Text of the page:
I cried when I dropped these girls off at the airport on Saturday. These friends are the closest I can get to what Anne Shirley would call "bosom friends"  My friends at A&M could not have been more different from my friends at hair school. I hate to perpetuate stereotypes but I have been a hairstylist long enough to recognize that a certain shallowness and incivility pervades the beauty industry. I became aware of this trend just before graduating from Aveda when I was badly treated by some of my classmates. I knew then and there I could not work with these "friends" for the rest of my life. This is not meant to be a slam against all hair stylists! I know and have worked with stylists who are kind and intelligent. I am lucky that I've had a few positive experiences throughout my time as a hairstylist, and I can't think of a better job to help me through school, but I am so grateful that I chose to continue my education. I'm grateful to have other options.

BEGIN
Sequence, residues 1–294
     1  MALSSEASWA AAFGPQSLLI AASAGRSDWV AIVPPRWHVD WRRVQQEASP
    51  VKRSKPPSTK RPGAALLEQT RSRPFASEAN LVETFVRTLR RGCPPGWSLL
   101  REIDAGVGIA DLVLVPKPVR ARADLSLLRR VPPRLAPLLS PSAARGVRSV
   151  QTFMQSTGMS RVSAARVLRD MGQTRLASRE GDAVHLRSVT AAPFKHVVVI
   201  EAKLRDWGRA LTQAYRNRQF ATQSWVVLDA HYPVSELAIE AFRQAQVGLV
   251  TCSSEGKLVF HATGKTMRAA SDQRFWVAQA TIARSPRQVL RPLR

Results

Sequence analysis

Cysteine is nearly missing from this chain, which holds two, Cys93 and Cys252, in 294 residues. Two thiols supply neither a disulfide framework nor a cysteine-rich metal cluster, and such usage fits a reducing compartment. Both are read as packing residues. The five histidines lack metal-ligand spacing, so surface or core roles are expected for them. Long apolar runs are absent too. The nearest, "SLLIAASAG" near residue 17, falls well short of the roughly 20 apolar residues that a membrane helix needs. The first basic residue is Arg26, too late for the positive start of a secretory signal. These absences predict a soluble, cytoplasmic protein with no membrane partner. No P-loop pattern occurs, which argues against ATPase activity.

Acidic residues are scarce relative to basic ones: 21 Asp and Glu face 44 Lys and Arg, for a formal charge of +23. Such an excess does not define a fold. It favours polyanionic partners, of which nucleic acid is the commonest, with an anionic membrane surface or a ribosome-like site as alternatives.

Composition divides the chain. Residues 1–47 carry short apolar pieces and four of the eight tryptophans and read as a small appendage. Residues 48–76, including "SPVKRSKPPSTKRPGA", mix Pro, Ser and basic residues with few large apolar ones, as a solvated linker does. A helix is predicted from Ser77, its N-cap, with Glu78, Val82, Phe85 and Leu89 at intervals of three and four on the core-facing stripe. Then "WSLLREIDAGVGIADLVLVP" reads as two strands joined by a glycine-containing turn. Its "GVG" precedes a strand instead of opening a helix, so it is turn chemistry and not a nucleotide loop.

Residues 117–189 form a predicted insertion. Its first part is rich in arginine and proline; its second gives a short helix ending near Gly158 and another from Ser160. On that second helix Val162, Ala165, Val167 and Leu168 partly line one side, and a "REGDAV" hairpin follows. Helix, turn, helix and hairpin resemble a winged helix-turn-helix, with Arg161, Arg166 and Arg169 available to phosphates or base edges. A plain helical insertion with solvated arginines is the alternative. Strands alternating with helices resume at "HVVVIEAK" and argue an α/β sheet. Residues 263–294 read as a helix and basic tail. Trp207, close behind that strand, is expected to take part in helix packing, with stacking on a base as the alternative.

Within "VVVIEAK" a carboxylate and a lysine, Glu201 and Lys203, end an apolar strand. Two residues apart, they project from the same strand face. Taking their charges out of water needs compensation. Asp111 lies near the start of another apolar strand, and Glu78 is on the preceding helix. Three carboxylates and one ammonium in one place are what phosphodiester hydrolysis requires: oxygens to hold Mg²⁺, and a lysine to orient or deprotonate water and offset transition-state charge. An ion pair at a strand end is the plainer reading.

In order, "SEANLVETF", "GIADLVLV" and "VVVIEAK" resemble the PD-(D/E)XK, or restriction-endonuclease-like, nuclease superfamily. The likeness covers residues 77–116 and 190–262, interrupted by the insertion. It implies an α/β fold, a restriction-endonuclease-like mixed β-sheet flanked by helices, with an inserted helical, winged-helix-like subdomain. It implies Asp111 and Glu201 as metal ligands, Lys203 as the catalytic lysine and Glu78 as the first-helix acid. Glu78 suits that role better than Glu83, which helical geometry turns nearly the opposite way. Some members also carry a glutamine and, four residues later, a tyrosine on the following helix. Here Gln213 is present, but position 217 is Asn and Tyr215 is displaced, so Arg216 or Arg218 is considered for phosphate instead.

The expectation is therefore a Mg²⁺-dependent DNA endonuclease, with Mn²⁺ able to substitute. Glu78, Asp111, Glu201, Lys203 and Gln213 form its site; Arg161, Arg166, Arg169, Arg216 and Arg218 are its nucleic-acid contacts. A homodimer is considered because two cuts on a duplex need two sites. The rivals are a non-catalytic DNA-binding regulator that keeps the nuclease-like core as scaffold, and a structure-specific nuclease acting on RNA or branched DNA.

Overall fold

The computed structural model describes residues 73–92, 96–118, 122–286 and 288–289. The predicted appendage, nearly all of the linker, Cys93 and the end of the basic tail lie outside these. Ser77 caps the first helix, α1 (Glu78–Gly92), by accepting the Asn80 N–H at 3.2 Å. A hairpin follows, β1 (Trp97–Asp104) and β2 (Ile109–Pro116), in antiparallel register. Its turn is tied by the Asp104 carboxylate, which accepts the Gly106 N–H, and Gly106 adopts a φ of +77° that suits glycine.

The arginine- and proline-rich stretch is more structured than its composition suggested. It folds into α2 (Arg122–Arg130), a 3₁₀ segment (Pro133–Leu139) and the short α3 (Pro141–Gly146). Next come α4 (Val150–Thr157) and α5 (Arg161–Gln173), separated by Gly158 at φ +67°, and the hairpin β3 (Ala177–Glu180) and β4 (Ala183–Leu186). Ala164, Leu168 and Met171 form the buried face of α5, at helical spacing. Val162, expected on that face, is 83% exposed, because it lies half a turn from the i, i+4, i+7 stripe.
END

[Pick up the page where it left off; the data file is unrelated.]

My friends at A&M never treated me badly, never spoke behind my back, never tried to make me change, and never made fun of my beliefs. My friends at A&M never looked down on me for my field of study, they were supportive and encouraging of everyone regardless of where they went to school or where they worked. Everyone in my ward recognized the need to break down cliques because we were the only Mormons living in the bible belt. I experienced a unity in College Station that I'll be hard pressed to find anywhere else.

Throughout this week I've found myself chanting to myself "give it a chance...it won't be like last time...give it a chance..." Christina also offered me some really good advice: instead of looking for what I can get from my new ward and community, ask myself what ways I can give. The past 4 years I feel like Heavenly Father has been giving, giving, giving, and I've been so blessed. So I'm not going to ward hop looking for the best ward with the cutest guys, I'm transferring my records to the ward within my boundaries and I'm going to look for ways to serve and contribute.

Here's to hoping I get a church calling quickly!